Week 2: Beginning book binding

For the past few years I’ve been interested in printing of various kinds, including letterpress printing, with a view to using that technique among others for making artist books. I had been meaning to learn to bind books and had gone as far as reading a lot and acquiring various tools but had never taken the plunge of actually attempting to bind anything. Part of the three creative hours project is about taking that step and doing rather than just planning.

So I collected my bookbinding tools, grabbed a pile of paper and card, and decided to start some simple bindings. I am using Keith Smith’s Volume 1: Non-Adhesive Binding as a reference.
A simple pamphlet binding 
To begin, I took half a dozen sheets of letter-sized bond paper and a letter-sized piece of thin card to serve as a cover. I folded the paper in half as a pile, and the cover separately, then marked the spines with a pencil in three locations for the sewing stations. 

I then worked a bodkin through the paper and the cover separately. This was the trickiest part as it is tricky to get all the way through the paper without the pages slipping from each other and without tearing or creasing the paper. The bodkin itself is fairly lightweight so I was a little worried about it breaking as it seemed to bend a lot as I pushed hard enough to get through. However, the bodkin seems quite tough. When I had made the hole for one sewing station, I left the bodkin in place through the hole while I used a second bodkin to make another hole. This helped keep the pages together and aligned.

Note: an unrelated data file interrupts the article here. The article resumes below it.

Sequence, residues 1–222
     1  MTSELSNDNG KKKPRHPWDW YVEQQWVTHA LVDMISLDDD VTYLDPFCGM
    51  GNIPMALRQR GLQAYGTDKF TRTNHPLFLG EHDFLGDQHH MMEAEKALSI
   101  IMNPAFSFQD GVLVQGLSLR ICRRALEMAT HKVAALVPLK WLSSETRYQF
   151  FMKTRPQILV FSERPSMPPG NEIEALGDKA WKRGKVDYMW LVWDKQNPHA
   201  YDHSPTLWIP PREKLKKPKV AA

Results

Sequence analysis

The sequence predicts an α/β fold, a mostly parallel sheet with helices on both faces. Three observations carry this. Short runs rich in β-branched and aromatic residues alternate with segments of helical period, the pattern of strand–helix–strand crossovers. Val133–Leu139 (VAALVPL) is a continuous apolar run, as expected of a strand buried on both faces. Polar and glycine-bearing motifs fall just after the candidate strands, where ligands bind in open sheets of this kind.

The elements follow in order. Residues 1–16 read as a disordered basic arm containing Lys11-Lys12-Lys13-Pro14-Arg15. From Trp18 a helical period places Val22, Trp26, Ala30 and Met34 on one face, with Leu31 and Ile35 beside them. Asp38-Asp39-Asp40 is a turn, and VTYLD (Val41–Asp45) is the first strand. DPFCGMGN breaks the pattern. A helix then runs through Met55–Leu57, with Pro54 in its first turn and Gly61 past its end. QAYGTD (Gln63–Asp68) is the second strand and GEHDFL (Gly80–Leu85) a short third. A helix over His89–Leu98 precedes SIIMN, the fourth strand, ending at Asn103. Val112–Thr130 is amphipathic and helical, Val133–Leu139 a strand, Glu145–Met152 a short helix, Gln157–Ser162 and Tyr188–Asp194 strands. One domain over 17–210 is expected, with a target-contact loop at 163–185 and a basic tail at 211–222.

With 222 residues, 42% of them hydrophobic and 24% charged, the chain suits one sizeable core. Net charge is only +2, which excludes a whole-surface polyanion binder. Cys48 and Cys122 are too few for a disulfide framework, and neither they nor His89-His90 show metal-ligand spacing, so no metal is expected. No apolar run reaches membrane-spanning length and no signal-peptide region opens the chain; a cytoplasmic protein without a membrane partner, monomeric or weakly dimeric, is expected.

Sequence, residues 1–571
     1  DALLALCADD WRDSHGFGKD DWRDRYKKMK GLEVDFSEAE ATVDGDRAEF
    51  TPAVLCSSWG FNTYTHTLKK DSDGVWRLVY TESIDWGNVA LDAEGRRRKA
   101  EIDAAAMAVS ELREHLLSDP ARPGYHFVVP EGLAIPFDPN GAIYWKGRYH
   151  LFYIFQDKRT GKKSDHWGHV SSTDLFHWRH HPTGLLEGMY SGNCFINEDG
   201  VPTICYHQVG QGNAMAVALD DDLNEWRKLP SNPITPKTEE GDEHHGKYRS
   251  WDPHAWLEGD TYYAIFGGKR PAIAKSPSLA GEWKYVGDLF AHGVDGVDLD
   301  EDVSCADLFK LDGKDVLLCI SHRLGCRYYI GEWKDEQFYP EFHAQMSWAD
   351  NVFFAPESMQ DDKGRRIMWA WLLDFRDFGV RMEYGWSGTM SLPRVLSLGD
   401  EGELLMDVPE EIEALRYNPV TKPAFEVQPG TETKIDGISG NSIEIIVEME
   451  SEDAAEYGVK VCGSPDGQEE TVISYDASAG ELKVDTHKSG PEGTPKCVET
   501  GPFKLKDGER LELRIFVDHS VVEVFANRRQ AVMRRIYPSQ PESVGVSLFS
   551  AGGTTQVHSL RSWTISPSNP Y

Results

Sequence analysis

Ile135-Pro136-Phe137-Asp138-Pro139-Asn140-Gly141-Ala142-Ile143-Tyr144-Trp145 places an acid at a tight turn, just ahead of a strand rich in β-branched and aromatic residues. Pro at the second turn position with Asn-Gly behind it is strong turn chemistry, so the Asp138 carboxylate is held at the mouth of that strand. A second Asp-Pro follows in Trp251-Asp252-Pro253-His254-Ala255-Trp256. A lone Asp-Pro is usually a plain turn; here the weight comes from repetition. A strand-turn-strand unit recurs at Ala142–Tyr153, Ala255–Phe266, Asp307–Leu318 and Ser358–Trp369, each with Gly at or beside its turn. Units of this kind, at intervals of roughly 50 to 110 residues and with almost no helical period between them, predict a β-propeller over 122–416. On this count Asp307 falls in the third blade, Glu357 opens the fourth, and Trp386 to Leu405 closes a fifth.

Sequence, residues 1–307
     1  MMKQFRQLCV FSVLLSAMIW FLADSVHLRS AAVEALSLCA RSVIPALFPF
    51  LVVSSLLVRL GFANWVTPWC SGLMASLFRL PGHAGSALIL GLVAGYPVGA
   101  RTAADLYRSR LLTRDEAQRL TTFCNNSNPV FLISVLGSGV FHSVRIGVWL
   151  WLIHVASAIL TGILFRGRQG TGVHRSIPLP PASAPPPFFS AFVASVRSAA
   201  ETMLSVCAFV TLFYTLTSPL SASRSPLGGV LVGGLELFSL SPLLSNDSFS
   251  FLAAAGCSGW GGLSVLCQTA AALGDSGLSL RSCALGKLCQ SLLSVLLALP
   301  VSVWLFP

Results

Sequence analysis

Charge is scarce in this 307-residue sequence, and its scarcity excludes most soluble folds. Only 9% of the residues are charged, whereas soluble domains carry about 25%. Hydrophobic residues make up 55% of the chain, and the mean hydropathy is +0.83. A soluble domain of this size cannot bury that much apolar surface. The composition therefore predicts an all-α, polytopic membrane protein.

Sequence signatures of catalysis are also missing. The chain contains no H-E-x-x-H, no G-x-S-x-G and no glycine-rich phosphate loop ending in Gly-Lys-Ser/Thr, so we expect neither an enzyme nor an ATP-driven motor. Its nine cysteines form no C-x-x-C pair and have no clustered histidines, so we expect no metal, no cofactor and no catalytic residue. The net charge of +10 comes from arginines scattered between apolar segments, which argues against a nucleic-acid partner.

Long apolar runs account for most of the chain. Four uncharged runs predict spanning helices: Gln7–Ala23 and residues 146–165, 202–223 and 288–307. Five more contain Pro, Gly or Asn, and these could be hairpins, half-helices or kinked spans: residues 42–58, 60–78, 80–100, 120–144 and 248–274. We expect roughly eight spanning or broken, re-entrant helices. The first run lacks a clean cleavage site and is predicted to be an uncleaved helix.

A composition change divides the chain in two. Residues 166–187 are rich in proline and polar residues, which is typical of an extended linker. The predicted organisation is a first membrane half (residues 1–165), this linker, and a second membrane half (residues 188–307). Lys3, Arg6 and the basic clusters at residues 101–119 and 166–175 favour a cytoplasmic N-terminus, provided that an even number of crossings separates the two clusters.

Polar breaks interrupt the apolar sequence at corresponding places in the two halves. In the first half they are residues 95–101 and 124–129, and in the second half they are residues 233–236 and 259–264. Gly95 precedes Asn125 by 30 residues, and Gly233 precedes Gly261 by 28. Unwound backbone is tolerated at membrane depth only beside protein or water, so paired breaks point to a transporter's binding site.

With the holes made, I prepped the sewing thread by running it over a block of binding wax to stiffen and protect the thread. It also makes it easy to thread through a needle and to actually sew. Following the order of holes in Smith’s book, I sewed the binding and tied it all together with a reef knot/square knot. The whole process was really simple although when I finished I found I had left a small loop of thread between the cover and the pages because I hadn’t pulled the thread through hard enough. Oh well, it was my first attempt and it was a lesson learned!

All in all, a very simple binding, and yet it looks quite decent. Just to add something extra, I used rubber stamps to add page numbers to the bottom outside corners of the pages so it looks like a notebook. With 24 pages, I decided to make it a mock notebook for chronicling one 24-hour period, the idea being to write/illustrate a page per hour. I’m not sure I’ll use it for that, but it’s prettier than a blank book for this first attempt.
A simple Japanese stab binding
Then on to a more complex binding, and the next step I wanted to try for the main task at hand. I decided to try out a Japanese stab binding on a small format book. I had plans to make something roughly 3″x5″ so decided to make a small book from index cards and bond paper. I cut a few sheets of bond paper into 3″x5″ pieces as the pages for the book and used index cards as the cover stock.